Freedom to Make Decisions — How much decision making freedom, without supervision, does the job offer?
Frequency of Decision Making — How frequently is the worker required to make decisions that affect other people, the financial resources, and/or the image and reputation of the organization?
Structured versus Unstructured Work — To what extent is this job structured for the worker, rather than allowing the worker to determine tasks, priorities, and goals?
Telephone — How often do you have telephone conversations in this job?
Impact of Decisions on Co-workers or Company Results — How do the decisions an employee makes impact the results of co-workers, clients or the company?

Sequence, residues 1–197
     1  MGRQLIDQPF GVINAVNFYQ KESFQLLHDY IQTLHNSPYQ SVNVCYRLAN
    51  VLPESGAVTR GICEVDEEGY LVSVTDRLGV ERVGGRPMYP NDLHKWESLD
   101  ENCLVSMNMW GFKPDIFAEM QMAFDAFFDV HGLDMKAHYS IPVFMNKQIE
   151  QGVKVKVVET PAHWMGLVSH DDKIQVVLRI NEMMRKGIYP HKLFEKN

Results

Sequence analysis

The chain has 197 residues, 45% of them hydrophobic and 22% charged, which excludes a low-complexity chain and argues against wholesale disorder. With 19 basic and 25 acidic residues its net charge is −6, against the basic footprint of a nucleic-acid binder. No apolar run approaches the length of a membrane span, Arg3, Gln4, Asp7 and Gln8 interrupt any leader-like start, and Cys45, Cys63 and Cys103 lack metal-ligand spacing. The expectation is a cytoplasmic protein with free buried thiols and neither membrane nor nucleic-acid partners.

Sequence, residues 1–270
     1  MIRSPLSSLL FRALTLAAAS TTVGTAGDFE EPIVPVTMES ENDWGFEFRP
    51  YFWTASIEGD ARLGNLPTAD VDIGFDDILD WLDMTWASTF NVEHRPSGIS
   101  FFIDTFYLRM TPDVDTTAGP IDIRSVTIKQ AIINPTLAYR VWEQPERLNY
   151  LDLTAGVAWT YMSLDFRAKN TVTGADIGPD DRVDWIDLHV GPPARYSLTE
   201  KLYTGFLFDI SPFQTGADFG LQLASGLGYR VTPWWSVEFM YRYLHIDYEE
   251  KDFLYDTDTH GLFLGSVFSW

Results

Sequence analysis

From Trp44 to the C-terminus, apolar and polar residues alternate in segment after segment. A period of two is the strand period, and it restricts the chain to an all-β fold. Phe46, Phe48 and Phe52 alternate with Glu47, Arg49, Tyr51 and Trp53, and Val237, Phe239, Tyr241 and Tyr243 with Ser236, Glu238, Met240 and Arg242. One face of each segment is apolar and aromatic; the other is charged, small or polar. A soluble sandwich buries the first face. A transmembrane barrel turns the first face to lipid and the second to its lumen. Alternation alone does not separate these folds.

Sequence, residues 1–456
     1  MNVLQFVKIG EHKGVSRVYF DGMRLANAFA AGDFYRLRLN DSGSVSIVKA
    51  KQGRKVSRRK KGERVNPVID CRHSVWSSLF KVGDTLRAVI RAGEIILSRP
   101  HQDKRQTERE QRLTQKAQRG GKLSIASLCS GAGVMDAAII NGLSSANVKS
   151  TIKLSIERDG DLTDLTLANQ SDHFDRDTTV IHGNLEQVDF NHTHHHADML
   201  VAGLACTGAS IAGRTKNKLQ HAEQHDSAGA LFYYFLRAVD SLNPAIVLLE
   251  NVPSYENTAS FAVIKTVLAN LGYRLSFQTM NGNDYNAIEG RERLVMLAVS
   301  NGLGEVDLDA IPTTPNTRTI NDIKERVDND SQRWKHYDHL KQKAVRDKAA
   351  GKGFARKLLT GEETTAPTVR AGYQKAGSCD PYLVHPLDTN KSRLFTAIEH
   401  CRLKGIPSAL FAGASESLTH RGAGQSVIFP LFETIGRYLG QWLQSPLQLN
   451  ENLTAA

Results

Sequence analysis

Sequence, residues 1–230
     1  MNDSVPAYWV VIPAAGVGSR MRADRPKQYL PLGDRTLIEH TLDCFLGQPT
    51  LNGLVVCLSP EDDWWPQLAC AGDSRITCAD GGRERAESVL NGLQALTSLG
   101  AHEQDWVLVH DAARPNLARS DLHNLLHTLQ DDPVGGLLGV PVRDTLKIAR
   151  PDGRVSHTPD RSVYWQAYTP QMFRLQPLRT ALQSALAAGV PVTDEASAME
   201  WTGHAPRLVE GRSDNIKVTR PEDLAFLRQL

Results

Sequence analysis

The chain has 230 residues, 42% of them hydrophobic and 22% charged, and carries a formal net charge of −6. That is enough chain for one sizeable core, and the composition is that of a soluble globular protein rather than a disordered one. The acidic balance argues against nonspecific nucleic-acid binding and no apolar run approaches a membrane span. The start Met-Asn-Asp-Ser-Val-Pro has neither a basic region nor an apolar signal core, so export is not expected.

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Job Zone

Title Job Zone Two: Some Preparation Needed
Education These occupations usually require a high school diploma.
Related Experience Some previous work-related skill, knowledge, or experience is usually needed. For example, a teller would benefit from experience working directly with the public.
Job Training Employees in these occupations need anywhere from a few months to one year of working with experienced employees. A recognized apprenticeship program may be associated with these occupations.
Job Zone Examples These occupations often involve using your knowledge and skills to help others. Examples include sheet metal workers, forest fire fighters, customer service representatives, physical therapist aides, salespersons (retail), and tellers.
SVP Range (4.0 to < 6.0)

There are 4 recognized apprenticeable specialties associated with this occupation: